Irina Lunina: Yes, we are still developing the technology, but it would be groundbreaking when it comes to remote work. My schedule is super planned, like to the minute. I have a nanny to help out, thank God. I honestly can’t spend a lot of time doing things that are not relevant now. Everything I do revolves around the business, so I don’t spend my time on anything else. When it comes to baby, I am here for her every day. It’s tough, but I think planning is the key. I plan my week 2 weeks in advance, so I don’t have any last-minute plans. It’s no fun, but I manage.

Charles: What are your goals with the startup, how big do you want to take it? What will success look like?

Irina Lunina: I want to be the next LinkedIn, but for parents looking for flexible jobs. The key is for experienced level professionals, not just freelance or gig work. For me, success would be seeing moms and dads being able to put forward their availability calendar to the employer and be upfront about when they can work and not be judged for it. I want the flexibility to be not just a perk, but the essential part of doing business and working from now on.

Charles: I admire your spirit but I have to ask one big question; do you think the technology is what was missing? I ask only because you had many years of experience in the industry but had a hard time finding the type of position you are trying to facilitate; would the types of position not need to exist to facilitate the matching?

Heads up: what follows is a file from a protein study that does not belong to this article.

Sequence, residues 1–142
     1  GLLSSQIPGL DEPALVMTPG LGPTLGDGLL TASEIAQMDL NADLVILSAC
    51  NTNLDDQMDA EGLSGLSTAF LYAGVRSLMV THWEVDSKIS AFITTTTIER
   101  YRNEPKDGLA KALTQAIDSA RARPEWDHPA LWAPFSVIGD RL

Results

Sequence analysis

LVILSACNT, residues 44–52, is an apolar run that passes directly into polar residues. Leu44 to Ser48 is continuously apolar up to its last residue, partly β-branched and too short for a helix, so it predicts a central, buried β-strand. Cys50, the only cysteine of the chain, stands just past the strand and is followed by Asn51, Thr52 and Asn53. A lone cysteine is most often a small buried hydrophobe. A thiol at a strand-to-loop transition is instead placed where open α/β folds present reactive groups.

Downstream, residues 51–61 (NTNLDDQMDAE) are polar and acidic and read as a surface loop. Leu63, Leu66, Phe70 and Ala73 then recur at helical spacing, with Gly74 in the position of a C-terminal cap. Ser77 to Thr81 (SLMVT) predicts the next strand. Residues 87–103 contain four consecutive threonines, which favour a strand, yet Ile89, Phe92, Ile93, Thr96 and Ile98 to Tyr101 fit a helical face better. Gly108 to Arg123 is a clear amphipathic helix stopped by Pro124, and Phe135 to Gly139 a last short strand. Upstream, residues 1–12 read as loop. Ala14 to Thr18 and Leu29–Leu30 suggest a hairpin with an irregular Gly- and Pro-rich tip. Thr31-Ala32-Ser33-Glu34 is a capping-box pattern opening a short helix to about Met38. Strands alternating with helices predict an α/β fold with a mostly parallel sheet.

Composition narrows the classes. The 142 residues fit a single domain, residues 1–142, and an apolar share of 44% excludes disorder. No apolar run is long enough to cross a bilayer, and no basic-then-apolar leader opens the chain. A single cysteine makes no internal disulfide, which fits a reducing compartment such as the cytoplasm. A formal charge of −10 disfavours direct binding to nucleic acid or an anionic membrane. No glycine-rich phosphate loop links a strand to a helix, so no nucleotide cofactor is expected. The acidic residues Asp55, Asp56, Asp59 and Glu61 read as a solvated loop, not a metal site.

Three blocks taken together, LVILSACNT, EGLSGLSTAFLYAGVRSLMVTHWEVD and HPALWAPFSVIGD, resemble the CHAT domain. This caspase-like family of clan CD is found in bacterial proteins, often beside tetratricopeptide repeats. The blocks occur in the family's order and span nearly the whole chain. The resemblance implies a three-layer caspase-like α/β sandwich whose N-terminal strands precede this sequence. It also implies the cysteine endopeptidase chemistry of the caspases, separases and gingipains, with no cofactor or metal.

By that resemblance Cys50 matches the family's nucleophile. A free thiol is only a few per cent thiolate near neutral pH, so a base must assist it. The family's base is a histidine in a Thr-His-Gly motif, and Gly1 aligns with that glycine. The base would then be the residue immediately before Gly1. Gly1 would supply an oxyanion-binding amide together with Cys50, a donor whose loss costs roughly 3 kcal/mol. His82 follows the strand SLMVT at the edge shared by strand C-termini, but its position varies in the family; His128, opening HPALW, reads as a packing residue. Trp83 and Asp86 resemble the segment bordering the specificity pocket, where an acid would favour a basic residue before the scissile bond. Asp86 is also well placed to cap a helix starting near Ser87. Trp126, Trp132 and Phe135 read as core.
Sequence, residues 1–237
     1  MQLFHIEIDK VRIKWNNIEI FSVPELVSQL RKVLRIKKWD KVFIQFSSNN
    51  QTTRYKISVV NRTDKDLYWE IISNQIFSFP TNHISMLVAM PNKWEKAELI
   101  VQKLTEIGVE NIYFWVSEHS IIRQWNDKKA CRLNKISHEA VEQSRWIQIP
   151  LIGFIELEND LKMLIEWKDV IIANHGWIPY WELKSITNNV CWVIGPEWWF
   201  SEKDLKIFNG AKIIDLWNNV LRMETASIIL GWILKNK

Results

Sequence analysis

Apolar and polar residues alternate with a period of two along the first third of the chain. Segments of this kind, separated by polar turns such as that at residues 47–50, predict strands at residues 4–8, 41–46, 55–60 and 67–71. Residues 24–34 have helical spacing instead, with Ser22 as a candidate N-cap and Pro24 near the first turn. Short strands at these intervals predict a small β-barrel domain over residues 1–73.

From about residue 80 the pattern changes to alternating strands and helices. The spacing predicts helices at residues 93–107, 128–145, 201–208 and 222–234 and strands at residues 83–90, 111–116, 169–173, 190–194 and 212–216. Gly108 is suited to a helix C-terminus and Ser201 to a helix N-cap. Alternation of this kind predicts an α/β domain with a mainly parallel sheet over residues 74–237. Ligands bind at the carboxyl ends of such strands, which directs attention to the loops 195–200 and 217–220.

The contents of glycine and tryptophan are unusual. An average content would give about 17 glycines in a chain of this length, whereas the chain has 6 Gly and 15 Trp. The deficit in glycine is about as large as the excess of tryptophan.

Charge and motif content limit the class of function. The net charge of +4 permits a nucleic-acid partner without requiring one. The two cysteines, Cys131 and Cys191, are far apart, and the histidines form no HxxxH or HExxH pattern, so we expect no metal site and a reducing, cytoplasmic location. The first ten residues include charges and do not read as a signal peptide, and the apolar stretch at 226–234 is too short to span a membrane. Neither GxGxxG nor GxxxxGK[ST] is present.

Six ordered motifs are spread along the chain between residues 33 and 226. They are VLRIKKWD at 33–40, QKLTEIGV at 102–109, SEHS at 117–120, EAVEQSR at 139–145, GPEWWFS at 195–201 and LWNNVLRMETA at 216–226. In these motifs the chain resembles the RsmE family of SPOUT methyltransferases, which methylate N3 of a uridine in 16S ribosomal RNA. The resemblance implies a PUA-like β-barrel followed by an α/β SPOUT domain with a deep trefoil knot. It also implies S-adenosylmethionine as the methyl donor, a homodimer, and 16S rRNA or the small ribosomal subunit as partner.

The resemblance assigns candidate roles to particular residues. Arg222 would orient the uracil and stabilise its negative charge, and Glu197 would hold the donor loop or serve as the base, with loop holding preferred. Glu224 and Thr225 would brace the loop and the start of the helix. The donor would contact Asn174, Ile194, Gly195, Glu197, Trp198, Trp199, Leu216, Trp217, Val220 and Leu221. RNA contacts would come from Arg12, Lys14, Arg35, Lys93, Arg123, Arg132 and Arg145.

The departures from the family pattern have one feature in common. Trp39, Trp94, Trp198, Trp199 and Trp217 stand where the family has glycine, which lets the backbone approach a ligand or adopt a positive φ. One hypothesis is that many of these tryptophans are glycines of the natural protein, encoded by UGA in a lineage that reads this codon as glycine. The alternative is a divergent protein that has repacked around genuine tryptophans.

Irina Lunina: No, I don’t. I think the positions which would be suitable for remote work exist. They are not being advertised as such given that they are always performed in the office. The mentality and HR practices from the employer need to shift and that would take time. The technology part is crucial in terms of communicating with the employee, especially in the first 6 weeks of onboarding period. But, for a lot of companies who are used to hiring remote, it may not be needed. For financial services, the technology part of hiring remotely is essential for keeping control on their employees, but for an e-commerce firm which has done hiring remotely in the past, this kind of technology does not make a difference.

Charles: So the technology would solve that? How?